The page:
“I am bewitched”: understanding diagnostic delays for HIV-associated Kaposi sarcoma in Kenya

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A qualitative study sought to understand the barriers and facilitators to diagnosis of HIV-associated Kaposi’s sarcoma in Kenya. The results, published in AIDS, revealed that both health providers and people with Kaposi’s sarcoma lacked awareness of the disease, so it was frequently diagnosed at an advanced stage. Seeking traditional treatments, lack of biopsy availability and delays in getting referrals to other hospitals were also major barriers, while being part of an HIV care network was a facilitator for early diagnosis.

“Our study highlights that there are multiple delays along the care cascade in people with KS in reaching a diagnosis. Notably, a general lack of KS awareness and education among patients and providers, stigma surrounding both HIV and cancer diagnoses, and health system referral delays were important barriers in receiving a diagnosis of KS”, say Dr Devon McMahon and colleagues.

Kaposi’s sarcoma (KS) is caused by the human herpes virus 8 and is more likely with a weakened immune system.  Despite the widespread use of effective antiretroviral therapy and the resulting restoration of CD4 cells, it remains one of the most common cancers in people living with HIV. In sub-Saharan Africa, four in five cases of KS are attributable to HIV, and about 69%-89% of people with the disease are diagnosed at an advanced stage.


Kaposi's sarcoma (KS)

Lesions on the skin and/or internal organs caused by abnormal growth of blood vessels.  In people living with HIV, Kaposi’s sarcoma is an AIDS-defining cancer.


A healthcare professional’s recommendation that a person sees another medical specialist or service.


Small scrapes, sores or tears in tissue. Lesions in the vagina or rectum can be cellular entry points for HIV.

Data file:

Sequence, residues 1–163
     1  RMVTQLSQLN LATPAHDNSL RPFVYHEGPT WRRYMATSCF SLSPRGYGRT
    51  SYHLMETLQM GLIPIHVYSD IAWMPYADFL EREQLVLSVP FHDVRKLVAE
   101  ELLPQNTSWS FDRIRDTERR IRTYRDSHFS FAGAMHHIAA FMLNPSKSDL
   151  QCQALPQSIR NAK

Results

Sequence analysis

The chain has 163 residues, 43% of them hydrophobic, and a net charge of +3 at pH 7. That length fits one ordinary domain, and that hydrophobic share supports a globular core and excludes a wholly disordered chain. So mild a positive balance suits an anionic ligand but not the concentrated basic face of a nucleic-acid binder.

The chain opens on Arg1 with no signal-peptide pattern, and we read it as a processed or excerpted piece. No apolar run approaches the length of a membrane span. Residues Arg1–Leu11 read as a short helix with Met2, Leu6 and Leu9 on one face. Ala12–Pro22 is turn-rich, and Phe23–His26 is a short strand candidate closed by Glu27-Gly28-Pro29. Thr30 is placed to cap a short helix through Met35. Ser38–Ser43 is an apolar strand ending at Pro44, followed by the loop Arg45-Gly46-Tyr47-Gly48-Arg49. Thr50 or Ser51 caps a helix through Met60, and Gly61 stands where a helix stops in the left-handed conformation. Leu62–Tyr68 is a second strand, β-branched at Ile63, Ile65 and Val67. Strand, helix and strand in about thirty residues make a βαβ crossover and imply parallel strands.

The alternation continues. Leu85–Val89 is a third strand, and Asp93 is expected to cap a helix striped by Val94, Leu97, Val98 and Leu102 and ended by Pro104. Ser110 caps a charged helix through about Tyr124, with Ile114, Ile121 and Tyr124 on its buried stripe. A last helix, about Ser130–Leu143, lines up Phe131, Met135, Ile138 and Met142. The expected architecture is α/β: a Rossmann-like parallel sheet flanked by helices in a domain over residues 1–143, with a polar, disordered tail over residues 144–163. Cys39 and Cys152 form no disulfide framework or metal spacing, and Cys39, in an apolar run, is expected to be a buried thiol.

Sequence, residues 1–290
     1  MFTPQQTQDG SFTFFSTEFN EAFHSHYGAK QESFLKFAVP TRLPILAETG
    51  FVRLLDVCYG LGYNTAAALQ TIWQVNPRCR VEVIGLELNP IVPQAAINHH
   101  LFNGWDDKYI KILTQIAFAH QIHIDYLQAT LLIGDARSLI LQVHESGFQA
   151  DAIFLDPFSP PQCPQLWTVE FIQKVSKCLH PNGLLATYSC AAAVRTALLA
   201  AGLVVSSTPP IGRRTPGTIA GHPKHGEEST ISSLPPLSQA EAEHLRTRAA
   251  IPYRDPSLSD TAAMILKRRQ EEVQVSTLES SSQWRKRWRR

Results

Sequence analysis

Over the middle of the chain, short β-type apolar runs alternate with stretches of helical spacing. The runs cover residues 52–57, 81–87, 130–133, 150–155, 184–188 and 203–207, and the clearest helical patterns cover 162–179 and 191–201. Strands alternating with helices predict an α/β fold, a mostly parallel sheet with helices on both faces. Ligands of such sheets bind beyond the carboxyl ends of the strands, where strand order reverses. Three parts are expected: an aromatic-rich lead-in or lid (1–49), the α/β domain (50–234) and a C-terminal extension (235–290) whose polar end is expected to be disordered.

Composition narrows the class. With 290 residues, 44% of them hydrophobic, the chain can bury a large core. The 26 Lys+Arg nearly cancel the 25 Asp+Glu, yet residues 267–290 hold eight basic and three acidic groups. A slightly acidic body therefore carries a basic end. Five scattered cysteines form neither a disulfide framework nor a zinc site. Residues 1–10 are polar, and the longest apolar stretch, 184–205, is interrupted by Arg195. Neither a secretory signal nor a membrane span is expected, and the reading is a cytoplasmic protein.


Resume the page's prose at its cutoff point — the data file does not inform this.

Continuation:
A procedure to remove a small sample of tissue so that it can be examined for signs of disease.


Social attitudes that suggest that having a particular illness or being in a particular situation is something to be ashamed of. Stigma can be questioned and challenged.

In HIV-associated KS, where there is a dual diagnoses of HIV and cancer combined with a visible skin disease, factors for diagnostic delays have not been analysed. The investigators therefore conducted 30 semi-structured interviews between February to August 2019 with participants newly diagnosed with HIV-associated KS to understand the barriers and facilitators of their diagnosis. 

The study took place at the Moi Teaching and Referral hospital, and three other HIV primary care clinics in western Kenya. Most of the participants were male (83%), with a median age of 34. Almost all (87%) had been diagnosed with advanced-stage KS. 

Individual-level barriers

Participants initially interpreted their lesions as harmless or normal skin changes. They attributed them to insect bites, allergic reactions, ageing, or side effects of HIV treatment. As most participants had never heard of KS, they had a low suspicion of the disease.

“At first it started on the head, it was swollen here on the left so I thought maybe I had been bitten by a mosquito. I sensed something of the sort but after a while, it grew.”